The Benefits Of Sleeping With Your Dog
A dog has always been man (and woman’s!) best friend. For most of us, adopting a dog or buying a new puppy is like having another member of the family.
Bringing this fluffy little companion into your life can completely change it forever. With a puppy, you have all the demands of a newborn – crying in the night, housetraining and behaviour training.
And even if you choose to rescue a dog from the pound, you will most likely inherit some behavioural problems and find yourself investing time into making your new pet feel settled and happy in their new home.
There are so many books and videos out there offering opinions on everything from training methods to diet and exercise.
But what are the benefits of sleeping with your dog? While he or she might have their own personalised bowls, specialist food and even cute outfits some owners are not sure about letting their pet sleep in the same bed.
We’ve put together everything you need to know about sleeping with your dog so you can make the right choice for your family.
Table of Contents
- Can Interrupt Your Love Life
- Worsens Aggression Problems
- Can Bring Dirt and Bacteria into Your Bed
- Can Trigger Allergies
- Can Disturb Your Sleep
One of the reasons a recent study found more than half (56%) of pet owners allow their pets to sleep in the same bed as them was because it made them feel comforted. Having a snuggle with your dog does make you feel better at the end of a long day and curling up to sleep with them can just prolong this feeling. 41% of the pet owners surveyed said they felt their pet either had no effect on the quality of their sleep or made them sleep better.
The study did advise any medical professionals dealing with a patient with sleep problems to ask about their pet’s sleeping arrangements as this isn’t something that will work for everyone.
But I’m sure we can all agree the sound of a dog’s gentle snores is very relaxing and for some people, especially when they are home alone, it can provide a great deal of comfort to them.
Obviously some dogs are louder sleepers than others, just watch what this man’s dog does when he films his dog snoozing and plays it back to him!
If you’ve ever switched the heating up full, filled up your hot water bottle and switched on your electric blanket only to STILL be shivering in bed then you might want to get yourself a dog.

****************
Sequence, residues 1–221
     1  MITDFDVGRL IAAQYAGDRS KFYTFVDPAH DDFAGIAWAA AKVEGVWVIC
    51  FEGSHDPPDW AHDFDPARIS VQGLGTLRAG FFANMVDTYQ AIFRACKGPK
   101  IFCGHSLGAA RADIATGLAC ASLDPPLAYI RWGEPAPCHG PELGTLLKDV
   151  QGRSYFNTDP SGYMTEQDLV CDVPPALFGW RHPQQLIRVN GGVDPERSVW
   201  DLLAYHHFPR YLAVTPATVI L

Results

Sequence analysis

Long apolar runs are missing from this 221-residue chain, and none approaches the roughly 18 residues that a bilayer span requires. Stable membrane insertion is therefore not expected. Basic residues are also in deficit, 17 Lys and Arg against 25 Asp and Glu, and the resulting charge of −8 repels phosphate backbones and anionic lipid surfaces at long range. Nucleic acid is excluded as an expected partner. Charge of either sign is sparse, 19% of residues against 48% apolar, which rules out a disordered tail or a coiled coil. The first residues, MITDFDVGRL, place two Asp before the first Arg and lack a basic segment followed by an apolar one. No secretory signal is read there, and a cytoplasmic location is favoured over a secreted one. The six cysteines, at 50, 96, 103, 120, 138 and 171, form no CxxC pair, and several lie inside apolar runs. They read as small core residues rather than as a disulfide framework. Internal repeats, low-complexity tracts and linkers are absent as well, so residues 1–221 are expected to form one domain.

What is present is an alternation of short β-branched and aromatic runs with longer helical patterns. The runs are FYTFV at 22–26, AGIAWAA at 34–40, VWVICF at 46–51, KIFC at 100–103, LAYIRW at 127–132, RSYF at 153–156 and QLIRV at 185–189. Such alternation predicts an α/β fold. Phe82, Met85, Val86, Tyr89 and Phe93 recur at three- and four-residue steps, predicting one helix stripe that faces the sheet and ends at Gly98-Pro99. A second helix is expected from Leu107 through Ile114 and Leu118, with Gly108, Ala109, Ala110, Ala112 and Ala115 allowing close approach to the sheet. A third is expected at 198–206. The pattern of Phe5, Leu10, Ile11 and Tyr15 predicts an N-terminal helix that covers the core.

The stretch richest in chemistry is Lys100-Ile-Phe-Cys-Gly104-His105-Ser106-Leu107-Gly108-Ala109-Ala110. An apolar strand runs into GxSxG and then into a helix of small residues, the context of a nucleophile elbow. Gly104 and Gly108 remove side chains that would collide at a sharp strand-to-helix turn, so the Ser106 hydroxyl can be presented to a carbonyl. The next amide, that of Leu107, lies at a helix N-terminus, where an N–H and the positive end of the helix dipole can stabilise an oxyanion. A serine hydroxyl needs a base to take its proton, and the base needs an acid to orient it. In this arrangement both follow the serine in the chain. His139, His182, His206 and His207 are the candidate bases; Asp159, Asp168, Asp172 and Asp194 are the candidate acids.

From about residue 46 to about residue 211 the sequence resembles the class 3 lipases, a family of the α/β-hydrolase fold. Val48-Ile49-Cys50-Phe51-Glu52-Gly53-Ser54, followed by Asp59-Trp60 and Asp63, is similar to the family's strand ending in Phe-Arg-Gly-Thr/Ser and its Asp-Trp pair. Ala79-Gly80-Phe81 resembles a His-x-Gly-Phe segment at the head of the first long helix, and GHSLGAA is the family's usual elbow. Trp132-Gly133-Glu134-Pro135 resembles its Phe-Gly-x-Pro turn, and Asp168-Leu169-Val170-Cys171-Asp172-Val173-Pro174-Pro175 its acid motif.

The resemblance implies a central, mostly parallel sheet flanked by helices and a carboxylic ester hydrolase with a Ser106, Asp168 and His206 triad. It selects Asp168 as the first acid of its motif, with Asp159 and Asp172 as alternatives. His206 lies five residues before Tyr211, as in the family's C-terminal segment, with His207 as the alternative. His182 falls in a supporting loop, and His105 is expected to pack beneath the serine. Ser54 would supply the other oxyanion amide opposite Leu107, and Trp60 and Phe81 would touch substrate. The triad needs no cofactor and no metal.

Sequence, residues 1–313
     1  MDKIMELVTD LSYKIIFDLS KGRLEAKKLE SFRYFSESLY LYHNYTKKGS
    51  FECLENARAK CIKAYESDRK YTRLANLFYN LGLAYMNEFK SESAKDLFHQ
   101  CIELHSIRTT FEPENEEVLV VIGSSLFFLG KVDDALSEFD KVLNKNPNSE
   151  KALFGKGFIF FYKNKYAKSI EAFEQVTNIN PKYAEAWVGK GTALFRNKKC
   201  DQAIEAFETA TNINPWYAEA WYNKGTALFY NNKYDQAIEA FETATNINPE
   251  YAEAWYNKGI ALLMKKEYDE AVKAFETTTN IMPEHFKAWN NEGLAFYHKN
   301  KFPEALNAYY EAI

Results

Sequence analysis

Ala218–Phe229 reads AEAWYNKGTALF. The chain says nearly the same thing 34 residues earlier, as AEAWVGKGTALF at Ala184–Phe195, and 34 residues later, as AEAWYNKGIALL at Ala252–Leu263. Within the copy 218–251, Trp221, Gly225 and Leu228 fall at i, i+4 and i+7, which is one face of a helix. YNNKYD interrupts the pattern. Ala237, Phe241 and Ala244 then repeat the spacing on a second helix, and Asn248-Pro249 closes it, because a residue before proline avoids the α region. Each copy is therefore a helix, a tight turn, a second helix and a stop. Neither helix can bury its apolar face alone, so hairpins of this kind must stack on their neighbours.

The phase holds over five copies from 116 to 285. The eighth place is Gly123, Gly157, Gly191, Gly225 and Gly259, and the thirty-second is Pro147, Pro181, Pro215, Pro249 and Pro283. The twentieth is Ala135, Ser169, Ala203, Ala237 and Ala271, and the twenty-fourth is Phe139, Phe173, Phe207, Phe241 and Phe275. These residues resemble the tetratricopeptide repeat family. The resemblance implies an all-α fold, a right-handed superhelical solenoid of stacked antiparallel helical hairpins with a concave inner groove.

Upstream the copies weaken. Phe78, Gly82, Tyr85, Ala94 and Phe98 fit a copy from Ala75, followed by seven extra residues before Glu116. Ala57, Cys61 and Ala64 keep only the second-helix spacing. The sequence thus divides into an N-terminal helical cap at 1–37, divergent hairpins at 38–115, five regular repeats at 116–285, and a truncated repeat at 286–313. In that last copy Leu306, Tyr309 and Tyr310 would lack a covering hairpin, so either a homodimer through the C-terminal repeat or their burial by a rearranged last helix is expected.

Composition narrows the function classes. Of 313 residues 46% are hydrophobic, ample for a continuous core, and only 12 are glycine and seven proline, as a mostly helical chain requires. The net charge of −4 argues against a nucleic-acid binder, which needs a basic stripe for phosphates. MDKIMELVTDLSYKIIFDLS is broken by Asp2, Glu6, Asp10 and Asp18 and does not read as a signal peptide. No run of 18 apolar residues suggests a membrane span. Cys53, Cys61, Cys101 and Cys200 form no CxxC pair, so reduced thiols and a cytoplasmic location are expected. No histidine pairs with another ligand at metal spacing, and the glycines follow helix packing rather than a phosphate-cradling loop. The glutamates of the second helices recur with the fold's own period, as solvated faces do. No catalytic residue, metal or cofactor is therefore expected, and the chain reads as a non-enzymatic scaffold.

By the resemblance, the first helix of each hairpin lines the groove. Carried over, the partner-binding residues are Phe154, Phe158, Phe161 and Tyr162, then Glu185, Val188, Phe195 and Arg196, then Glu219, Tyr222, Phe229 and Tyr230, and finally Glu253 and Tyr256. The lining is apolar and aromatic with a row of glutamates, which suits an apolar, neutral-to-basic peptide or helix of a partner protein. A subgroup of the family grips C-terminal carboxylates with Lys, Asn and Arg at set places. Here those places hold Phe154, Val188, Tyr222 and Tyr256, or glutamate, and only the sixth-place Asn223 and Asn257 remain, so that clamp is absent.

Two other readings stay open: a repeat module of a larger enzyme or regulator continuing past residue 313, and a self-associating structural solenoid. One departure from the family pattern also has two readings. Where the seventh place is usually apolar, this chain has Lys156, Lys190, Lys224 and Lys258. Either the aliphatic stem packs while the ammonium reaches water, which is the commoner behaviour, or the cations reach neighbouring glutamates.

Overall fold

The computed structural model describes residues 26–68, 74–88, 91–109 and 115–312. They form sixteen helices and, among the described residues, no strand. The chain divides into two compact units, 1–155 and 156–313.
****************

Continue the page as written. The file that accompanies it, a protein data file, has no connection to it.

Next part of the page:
Dogs are brilliant at keeping themselves warm and in the wild they don’t need thick blankets or the comforts of home. A dog uses more than just its fur to keep the chill off, they have layers of coats which each perform a different job to either keep heat in or reflect it back out.
So, if you live in a cold climate, or your home has lost heating, then getting your dog to sleep in bed with you can help you to keep warm through the night. They will warm up your bed quickly and stay at a constant, cosy temperature.
You should be careful with smaller breeds as they could get squashed under heavy blankets and if you are going to let your dog in to keep warm then you should also make sure they don’t overheat. A dog releases heat by panting or sweating through their paws so if you notice these symptoms then move them to a cooler place and make sure they have plenty of water.
Having a dog can lower your blood pressure which can be very helpful if you suffer from hypertension.
In a research paper, 60 male and female participants had their blood pressure measured while they either petted a dog or spoke to another person.
The results showed that people’s blood pressure was lowest while they were petting the dog and highest while talking to another person. The act of touching and stroking the dog had the biggest impact so sleeping while touching a dog can reduce your blood pressure over time and alleviate symptoms of high blood pressure.
Another study, which spanned 20 years, showed people with a cat were 60% less likely to die of heart disease and another piece of research showed 240 married couples with pets had lower blood pressure than single people with no pets.
According to the Humane Society of the United States, there are 78.2million dogs in America. So if everyone with those dogs sees their blood pressures go down even a tiny bit, it will help everyone live longer and healthier lives.
Just being around your dog can help put you in a better mood and feel calmer. While some dogs can be energetic, all dogs have a happy, carefree spirit which can be a joy to see if you’re going through a hard time and finding it difficult to relax.
Simply being with your dog, throwing a ball for them or playing with them can help you refocus your mind and calm down.